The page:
Legislature Adopts Resolution for Teen Dating Violence Awareness Month, Lets Teen Violence Education Bill Die
Published on Jun 9, 2011 - 12:02:19 PM
Sacramento, June 8, 2011 - On June 6th, the Senate adopted ACR 29 (Bonilla) designating February as Teen Dating Violence Awareness Month. Advocates acknowledged the importance of the state's recognition of this serious problem, even as they questioned why the legislature had allowed a teen dating violence education bill to die in committee on May 27th. AB 1773 (Fong), sponsored by the California Partnership to End Domestic Violence (The Partnership), was unable to make it out of Assembly Appropriations despite its low cost, absence of mandates, and the support of a broad coalition of educators, youth advocates and anti-violence groups.
The Partnership's executive director Tara Shabazz said the bill's failure was especially disappointing in light of California's poor track record with teen dating violence measures; since 1996, there have been eight school-based teen dating violence prevention bills introduced, all of which have failed. Meanwhile, one in three teen girls will fall victim to dating violence, and much of their abuse and harassment takes place on school campuses.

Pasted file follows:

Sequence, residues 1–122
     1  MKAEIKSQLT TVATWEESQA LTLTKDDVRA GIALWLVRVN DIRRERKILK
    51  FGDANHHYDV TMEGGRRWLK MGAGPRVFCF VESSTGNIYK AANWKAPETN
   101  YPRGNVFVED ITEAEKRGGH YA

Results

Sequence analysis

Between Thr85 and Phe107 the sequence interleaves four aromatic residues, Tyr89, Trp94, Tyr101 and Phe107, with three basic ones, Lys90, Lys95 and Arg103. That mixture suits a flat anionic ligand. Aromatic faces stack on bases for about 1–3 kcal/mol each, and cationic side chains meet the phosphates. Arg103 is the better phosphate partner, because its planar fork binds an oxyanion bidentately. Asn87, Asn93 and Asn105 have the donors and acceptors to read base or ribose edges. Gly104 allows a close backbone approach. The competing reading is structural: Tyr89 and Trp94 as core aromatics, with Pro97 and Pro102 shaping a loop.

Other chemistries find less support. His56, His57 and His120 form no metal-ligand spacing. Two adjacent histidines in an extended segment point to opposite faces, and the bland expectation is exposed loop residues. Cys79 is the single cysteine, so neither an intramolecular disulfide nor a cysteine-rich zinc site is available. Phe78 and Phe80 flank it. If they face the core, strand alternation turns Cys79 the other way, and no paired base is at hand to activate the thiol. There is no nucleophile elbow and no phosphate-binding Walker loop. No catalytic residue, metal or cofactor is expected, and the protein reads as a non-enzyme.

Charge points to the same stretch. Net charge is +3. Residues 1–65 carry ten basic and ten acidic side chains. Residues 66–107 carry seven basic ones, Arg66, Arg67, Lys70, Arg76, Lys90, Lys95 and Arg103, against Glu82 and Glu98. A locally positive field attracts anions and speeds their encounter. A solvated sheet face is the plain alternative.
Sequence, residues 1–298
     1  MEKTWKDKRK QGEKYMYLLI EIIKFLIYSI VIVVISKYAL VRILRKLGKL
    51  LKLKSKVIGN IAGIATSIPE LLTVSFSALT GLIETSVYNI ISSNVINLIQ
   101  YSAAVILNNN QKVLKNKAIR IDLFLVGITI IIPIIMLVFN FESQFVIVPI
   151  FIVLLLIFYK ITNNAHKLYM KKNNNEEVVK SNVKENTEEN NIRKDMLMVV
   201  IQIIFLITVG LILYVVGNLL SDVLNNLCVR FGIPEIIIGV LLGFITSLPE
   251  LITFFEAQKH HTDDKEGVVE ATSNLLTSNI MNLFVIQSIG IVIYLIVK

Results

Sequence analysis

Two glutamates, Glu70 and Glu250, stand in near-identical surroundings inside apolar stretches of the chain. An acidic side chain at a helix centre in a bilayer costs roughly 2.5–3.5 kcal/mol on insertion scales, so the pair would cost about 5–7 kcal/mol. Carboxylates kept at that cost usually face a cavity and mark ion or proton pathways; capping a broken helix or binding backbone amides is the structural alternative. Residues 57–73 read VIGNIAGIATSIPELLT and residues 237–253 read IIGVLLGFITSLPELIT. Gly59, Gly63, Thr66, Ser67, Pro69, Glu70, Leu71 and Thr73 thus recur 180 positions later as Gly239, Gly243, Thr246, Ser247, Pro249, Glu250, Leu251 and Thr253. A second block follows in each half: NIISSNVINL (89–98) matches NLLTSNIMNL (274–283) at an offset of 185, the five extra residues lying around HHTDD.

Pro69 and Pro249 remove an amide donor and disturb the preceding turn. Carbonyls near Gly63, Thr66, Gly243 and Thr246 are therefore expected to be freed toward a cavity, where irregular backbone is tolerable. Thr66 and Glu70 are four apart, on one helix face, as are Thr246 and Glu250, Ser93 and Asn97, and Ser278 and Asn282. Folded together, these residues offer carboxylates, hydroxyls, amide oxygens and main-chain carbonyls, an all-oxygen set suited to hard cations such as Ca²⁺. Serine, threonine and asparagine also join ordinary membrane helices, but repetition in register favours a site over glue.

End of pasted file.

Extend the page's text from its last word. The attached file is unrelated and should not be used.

"There is tremendous public support behind teen dating violence education, but legislators can't seem to muster the political will," Shabazz said. "Parents, teachers, students and advocates all know we have to address this issue. The state needs to step up and support schools' prevention work."
ACR 29's recognition of February as an awareness month provides advocates and educators an opportunity to shed light on a significant threat to California youth. The Partnership thanks lawmakers for their support of these education efforts, and urges them to take more decisive action to promote school safety and the health of our state's young people.
About The Partnership
The California Partnership to End Domestic Violence is California's statewide domestic violence coalition, with nearly 200 member organizations and individuals. Working at the local, state and national levels for 30 years, the California Partnership has a long track record of successfully passing over 100 pieces of legislation on behalf of domestic violence victims and their children. As the unified voice for California's domestic violence agencies, CPEDV provides statewide leadership on public policy issues, offers professional training and services to domestic violence service providers and promotes public awareness through community outreach efforts. With offices in Sacramento, The Partnership's member programs span the entire state.
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